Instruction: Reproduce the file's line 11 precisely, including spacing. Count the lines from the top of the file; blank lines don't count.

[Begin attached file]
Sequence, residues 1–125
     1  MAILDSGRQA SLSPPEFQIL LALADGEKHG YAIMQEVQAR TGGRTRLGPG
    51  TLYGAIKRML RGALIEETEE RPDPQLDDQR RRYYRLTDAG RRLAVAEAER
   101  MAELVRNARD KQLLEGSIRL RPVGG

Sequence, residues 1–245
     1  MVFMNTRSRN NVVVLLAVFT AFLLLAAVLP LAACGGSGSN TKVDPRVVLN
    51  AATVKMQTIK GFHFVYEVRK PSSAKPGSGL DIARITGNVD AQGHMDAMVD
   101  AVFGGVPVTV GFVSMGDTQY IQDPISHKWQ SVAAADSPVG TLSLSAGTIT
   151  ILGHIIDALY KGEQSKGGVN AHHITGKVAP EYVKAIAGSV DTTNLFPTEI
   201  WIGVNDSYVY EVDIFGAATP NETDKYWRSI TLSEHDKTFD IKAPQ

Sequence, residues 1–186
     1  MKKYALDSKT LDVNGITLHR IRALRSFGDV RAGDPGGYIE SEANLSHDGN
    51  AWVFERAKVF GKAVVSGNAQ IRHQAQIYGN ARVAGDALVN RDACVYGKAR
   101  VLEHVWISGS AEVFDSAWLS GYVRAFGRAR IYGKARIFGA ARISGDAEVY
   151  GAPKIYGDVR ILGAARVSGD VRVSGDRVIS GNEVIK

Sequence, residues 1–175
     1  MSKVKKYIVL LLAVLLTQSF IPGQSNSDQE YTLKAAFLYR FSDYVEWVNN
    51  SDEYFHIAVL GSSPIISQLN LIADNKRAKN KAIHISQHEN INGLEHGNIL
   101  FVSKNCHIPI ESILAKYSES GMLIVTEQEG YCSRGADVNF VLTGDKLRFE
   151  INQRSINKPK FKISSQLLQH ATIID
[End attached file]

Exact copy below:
Sequence, residues 1–186